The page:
Purple tgumb: hi, thought I'd let you all... - AF Association

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Purple tgumb


hi, thought I'd let you all know my recent experience. Had a numb tingly feeling in my left thumb then couple hrs later it had turned dark purple. GP sent me to A&E resulting in a,6 day stay in hospital, after CT scan, dollar scan on arm & echocardiogram it was determined I had a blood clot in my lower arm caused by my AF , even though had been taking Pradaxa at max dose for 4yrs! Have had pain in shoulder & upper arm for weeks beforehand thought was just strain etc but apparently its first sign of clot moving. Am.now on warfarin and arm still very painful, have had 1 more scary episode of thumb changing colour but after another hospital visit informed could happen every so often and only to worry go Dr if it spreads further. Its very rare it happens but please be aware if you get unexplained pain in shoulder.

15 Replies

Thank you for sharing you experience which was clearly very worrying. Obviously hope that it settles soon as it is not something which I can recall seeing on the forum before. Best wishes......

Not heard of anything like that before. Thank you for making us aware.


Thanks for sharing and that must have been a very unpleasant experience and I do hope you soon recover.

Are you now on Wafarin permenantly? Do you know the reasoning for switching to Wafarin?

Very best wishes CD.

Jaycloell in reply to CDreamer

thanks CD , yes am on warfarin permanently now because my INR levels can be monitored whereas when I was on pradaxa they weren't and obviously they didn't thin my blood correctly as I developed a clot due to AF

CDreamer in reply to Jaycloell

Interesting. My understanding was that Pradaxa works on a different part of the clotting process so I am wondering the rational of thinking that because it can be tested it will offer better protection. I like to understand things.

I can I derstand that with INR monitoring you & your doctors will be able to see that you are protected and that in itself will be reassuring as Wafarin is better understood because a much older drug.

That then leads me to wondering if absorption of some of the DOACs may cause inconsistencies in some people, especially those with stomach or gut problems.........just pondering out loud.

Whatever, I do hope you recover very soon.

MarkS in reply to CDreamer

DOACs do cause inconsistencies. The reason for not testing them is that there is no easy way to test their levels in the body. When Pradaxa (Dabigatran) was being developed, employees suggested its use would be improved with blood testing. They were rapidly silenced. Here's one article on it:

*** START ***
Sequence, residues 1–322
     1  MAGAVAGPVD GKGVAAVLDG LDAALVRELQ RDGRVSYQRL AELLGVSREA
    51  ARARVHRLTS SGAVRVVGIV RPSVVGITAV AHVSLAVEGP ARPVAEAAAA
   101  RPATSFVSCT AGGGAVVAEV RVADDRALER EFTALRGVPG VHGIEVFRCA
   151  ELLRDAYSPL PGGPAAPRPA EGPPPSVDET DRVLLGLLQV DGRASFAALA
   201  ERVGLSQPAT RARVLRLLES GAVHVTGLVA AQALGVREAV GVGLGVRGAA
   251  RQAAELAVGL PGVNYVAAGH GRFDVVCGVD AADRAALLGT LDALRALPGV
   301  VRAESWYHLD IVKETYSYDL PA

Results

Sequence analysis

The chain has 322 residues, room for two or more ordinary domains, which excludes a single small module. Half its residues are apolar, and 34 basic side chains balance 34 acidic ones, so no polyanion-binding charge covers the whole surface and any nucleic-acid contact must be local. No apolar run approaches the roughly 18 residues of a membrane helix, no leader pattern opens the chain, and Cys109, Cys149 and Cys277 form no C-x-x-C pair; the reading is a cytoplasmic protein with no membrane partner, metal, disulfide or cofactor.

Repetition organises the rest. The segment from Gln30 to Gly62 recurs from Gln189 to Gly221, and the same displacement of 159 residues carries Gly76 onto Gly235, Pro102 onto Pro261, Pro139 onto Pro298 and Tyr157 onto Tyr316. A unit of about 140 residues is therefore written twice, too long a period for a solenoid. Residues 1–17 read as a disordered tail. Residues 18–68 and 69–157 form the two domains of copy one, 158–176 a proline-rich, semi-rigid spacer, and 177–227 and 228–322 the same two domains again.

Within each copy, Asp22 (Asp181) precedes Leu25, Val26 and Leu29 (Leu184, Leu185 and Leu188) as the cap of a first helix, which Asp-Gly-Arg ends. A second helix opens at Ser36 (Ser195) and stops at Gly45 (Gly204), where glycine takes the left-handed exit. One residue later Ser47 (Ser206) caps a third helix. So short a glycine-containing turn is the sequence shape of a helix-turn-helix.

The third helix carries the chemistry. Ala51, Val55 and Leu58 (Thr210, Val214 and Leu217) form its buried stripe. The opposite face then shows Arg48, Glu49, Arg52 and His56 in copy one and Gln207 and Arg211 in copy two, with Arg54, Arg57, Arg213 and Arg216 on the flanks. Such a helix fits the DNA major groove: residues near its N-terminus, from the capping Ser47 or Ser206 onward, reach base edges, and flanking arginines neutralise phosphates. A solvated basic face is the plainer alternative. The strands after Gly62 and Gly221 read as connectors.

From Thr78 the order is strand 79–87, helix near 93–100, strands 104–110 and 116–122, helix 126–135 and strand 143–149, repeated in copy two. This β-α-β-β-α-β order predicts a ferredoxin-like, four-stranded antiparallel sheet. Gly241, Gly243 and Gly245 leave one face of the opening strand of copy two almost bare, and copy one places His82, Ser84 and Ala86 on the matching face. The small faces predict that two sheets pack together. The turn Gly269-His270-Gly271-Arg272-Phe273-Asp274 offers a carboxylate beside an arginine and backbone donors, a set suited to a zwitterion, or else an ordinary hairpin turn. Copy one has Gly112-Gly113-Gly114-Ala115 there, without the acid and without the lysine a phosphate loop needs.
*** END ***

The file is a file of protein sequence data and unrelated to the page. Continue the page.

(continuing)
As it says in the article:

"The BMJ feature laid out evidence that the company knew by 2011 that plasma levels of its drug varied more than five-fold for the same dose among patients" and

"Employee communications indicated that the company recognized that suggesting that regular monitoring was needed could result in "a more complex message and a weaker value proposition.""

I would suggest that as you're now on warfarin that you get a Coaguchek and test weekly to ensure you remain in the 2-3 range (unless your doctors suggest 2.5-3.5, given your history).

Jaycloell in reply to MarkS

Thanks for info re Pradaxa. I’m on weekly visits to GP nurse at moment until my INR levels sort themselves out ( they suggested 2-3) went from 1.3 after leaving hospital to 2.2 for 2 consecutive nurse visits, was there again yesterday and have gone back down to 1.8 so warfarin doseage adjusted slightly.

Can I echo CDreamer's post? Why were you swapped from Pradaxa to warfarin? I was moved from warfarin to Pradaxa due to unstable test results.

Jaycloell in reply to jennydog

as I developed a clot while taking maximum dose pr day of pradaxa the consultants decided to change me to warfarin so my INR levels can be monitored closely. Pradaxa is s relatively new drug compared to warfarin so they're erring on side of caution!

jennydog in reply to Jaycloell

Thank you. Very best wishes for a good recovery.


Thank you for this. From your heading and second and penultimate sentences, I thought at once of Achenbach Syndrome which is said to be benign. It's a hot, painful, spontaneous bruise on the hands and not associated with a clot.

Jaycloell in reply to Hidden

It’s definately a clot , Ischemic Thumb, took 3 days for thumb to go back to normal colour /temperature, at 1 point the vascular surgeon was concerned I might end up having it amputated but luckily the circulation improved .

Hidden in reply to Jaycloell

The response from your GP and your time in hospital clearly indicate that it was to be taken very seriously. My point was not that you might have had Achenbach but that the symptoms of Achenbach are very similar to your much more significant situation and it's good to be forewarned. Many thanks.

hope all is well now. Thank you for letting us know

Thank you for the warning!glad you are recovering,scary experience

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